This mural depicts a single figure participating in a northern Pueblo Deer Dance, an important winter dance in Pueblo life. Traditionally performed by men, the deer dancers carry short sticks, simulating the forelegs of the deer. After the last dance of the day, the deer attempt to run away, while the hunters from the community pursue them. When a deer dancer is caught, his captor takes him home and offers prayers and reverence. This is similar to what happens when a hunter returns to the Pueblo with a deer. The Runaway wears a green and yellow headdress with feather-tipped deer antlers . The dancer shows explosive motion and emotional expression.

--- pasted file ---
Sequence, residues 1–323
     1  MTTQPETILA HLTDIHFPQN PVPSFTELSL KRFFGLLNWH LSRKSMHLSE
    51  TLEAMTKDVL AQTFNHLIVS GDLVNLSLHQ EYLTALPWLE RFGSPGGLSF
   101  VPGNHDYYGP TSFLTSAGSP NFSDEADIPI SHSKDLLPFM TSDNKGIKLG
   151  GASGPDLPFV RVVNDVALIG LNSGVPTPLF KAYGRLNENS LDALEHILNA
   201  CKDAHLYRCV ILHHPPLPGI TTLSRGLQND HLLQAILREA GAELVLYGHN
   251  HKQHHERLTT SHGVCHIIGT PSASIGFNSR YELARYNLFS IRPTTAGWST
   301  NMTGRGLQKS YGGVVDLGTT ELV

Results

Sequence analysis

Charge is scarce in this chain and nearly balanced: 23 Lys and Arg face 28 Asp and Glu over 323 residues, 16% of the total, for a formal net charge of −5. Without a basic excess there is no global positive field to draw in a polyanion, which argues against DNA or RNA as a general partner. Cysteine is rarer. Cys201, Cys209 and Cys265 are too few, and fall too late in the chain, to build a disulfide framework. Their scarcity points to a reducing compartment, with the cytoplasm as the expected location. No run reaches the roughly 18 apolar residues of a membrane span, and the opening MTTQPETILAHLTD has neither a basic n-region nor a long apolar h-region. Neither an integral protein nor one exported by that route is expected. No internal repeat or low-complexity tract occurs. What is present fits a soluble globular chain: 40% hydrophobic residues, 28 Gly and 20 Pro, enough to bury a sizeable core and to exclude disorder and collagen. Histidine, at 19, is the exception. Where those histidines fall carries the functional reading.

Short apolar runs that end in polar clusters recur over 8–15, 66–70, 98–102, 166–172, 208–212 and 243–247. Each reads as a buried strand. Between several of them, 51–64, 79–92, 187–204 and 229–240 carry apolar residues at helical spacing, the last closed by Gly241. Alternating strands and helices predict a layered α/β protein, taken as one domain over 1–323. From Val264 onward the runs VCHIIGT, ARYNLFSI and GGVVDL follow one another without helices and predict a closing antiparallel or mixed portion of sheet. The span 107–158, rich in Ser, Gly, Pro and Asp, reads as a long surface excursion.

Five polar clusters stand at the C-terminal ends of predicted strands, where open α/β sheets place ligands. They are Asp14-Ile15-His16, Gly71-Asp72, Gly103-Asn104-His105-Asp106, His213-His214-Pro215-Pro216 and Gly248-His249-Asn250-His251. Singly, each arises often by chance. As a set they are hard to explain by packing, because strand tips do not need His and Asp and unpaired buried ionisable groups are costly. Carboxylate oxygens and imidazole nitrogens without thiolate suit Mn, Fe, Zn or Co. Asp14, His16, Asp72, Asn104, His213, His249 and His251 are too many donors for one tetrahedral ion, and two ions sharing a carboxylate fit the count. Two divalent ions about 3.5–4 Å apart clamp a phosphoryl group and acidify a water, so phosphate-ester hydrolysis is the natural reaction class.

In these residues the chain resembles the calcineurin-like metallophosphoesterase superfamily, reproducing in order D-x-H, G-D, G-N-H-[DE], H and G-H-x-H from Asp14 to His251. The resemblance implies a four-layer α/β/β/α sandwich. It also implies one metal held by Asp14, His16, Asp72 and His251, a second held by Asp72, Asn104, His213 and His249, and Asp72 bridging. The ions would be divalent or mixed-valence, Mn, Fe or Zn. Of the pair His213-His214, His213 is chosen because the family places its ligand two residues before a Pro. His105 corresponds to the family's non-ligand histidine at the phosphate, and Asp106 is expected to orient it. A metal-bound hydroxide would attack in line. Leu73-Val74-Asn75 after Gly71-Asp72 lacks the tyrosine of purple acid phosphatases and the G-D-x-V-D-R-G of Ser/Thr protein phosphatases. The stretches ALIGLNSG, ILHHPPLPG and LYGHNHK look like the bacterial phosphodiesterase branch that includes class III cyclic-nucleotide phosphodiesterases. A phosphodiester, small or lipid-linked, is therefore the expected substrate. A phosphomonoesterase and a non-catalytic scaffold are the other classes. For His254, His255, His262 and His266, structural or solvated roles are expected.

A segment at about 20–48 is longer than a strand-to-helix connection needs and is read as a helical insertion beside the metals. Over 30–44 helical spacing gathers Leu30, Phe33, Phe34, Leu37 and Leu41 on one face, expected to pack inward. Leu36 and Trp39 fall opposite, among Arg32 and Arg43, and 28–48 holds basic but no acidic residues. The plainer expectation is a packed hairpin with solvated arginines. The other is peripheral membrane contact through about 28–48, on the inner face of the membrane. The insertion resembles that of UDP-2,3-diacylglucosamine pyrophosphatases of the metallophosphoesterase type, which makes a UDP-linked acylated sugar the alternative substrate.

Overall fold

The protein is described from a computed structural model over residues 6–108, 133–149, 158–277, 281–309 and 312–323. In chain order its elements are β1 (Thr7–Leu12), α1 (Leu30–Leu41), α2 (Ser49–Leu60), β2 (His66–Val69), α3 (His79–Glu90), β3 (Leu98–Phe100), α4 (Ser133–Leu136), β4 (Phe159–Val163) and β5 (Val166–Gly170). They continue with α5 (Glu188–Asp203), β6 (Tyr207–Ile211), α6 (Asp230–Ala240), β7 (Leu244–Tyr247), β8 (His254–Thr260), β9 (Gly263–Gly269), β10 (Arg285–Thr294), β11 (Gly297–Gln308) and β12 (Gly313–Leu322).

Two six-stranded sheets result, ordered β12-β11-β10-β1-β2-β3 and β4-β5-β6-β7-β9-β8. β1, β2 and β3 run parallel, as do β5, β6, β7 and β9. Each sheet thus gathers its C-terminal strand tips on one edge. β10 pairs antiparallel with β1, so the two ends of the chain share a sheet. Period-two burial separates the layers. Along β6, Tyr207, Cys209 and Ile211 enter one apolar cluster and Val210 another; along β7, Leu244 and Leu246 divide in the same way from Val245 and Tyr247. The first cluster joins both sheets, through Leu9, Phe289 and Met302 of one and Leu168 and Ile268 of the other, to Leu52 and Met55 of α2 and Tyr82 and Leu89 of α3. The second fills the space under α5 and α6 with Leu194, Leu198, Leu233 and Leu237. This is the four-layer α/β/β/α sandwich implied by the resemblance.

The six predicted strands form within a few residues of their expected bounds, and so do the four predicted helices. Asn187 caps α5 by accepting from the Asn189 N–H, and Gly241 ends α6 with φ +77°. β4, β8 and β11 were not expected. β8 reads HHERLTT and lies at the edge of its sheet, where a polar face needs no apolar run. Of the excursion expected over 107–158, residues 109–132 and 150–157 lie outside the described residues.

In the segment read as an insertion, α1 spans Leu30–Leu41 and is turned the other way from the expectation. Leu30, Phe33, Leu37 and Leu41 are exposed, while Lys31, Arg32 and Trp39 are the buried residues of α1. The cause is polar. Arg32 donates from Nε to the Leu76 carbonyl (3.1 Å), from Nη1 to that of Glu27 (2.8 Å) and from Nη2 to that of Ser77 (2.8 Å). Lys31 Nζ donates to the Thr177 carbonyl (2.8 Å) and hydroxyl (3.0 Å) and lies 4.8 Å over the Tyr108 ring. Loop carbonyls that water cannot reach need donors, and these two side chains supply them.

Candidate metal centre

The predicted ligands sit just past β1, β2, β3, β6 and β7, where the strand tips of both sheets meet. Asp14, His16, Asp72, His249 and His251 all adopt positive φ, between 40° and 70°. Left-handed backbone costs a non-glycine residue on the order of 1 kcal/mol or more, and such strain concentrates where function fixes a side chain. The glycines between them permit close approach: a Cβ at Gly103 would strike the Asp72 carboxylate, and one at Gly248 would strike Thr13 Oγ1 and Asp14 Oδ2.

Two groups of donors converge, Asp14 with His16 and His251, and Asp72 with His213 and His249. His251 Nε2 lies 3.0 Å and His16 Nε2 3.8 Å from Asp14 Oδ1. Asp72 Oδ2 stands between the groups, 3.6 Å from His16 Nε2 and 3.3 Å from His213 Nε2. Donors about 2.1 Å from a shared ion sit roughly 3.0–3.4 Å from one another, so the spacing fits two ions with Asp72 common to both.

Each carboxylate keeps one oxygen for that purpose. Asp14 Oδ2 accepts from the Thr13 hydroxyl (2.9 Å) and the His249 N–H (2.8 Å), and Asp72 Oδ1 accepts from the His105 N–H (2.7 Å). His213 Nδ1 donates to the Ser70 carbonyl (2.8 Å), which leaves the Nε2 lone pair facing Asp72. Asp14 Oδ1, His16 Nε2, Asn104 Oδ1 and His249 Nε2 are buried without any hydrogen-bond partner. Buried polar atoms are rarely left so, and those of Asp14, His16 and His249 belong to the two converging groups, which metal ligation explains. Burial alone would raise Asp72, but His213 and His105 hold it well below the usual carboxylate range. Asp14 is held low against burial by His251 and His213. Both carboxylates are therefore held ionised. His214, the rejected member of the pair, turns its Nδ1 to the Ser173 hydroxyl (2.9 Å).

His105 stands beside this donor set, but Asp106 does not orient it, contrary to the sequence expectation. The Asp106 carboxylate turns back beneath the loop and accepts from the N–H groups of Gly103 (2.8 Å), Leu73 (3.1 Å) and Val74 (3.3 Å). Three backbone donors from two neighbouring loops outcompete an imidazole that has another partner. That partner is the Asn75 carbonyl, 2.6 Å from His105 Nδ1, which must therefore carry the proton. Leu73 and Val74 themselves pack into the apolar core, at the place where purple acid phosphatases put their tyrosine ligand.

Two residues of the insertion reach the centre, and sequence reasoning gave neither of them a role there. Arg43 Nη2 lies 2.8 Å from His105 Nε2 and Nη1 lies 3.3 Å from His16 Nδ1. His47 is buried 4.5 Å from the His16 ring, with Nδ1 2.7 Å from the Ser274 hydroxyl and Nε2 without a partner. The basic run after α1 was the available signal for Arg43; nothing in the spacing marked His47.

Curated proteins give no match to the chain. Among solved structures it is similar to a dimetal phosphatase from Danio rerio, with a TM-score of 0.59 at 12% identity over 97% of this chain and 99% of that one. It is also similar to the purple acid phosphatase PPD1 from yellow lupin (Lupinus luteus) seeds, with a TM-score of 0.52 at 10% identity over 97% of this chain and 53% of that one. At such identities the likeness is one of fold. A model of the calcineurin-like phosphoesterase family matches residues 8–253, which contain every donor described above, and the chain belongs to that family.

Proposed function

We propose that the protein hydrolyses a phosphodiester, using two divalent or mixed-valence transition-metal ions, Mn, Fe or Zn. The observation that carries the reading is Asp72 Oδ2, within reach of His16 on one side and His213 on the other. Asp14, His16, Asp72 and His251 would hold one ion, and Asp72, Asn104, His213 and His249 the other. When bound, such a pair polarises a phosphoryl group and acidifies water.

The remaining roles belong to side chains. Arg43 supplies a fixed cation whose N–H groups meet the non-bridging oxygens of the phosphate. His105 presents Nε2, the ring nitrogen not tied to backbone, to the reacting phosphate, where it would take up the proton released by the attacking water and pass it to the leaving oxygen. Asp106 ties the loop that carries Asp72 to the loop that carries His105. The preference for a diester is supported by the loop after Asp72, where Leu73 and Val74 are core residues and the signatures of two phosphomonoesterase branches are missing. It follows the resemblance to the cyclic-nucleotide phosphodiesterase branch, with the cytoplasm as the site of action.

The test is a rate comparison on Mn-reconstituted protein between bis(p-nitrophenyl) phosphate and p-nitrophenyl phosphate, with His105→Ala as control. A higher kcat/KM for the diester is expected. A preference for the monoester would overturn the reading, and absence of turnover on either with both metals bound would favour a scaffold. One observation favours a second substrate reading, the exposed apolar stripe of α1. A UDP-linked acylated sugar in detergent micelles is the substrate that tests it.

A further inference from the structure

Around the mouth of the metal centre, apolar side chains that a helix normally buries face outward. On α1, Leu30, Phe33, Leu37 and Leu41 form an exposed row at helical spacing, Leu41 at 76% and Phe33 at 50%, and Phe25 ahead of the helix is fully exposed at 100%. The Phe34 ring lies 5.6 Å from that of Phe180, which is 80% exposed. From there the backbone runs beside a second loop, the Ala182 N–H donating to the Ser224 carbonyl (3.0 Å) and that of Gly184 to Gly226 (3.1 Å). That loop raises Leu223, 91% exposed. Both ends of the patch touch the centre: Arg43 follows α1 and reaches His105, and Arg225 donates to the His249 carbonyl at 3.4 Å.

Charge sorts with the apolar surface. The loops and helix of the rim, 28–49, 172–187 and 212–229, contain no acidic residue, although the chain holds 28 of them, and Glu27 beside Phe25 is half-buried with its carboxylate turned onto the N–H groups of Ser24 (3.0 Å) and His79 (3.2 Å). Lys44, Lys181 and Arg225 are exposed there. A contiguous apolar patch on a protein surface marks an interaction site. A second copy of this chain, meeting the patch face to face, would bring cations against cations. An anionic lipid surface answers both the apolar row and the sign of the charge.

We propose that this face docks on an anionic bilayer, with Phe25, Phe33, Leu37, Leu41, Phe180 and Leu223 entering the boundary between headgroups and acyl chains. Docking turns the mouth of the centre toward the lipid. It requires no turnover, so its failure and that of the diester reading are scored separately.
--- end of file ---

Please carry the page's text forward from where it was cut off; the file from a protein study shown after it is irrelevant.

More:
Thomas Edward Montoya (1952–2009), Than Ts'áy Tas, was a member Ohkay Owingeh (formally known as San Juan Pueblo). Tommy received a degree from the California College of Arts and Crafts, and did graduate work at the University of California at Berkeley. In addition to painting, he has worked as a graphic designer, freelance illustrator, photographer, and for four years as a technical illustrator for Los Alamos National Laboratory. He has published a children's book, and has won awards for his artwork at Southwestern Association for Indian Arts (SWAIA) Indian Market in Santa Fe. Tommy also has a series of Pueblo Revolt sketches displayed in the IPCC permanent museum exhibition, We Are of This Place: The Pueblo Story.
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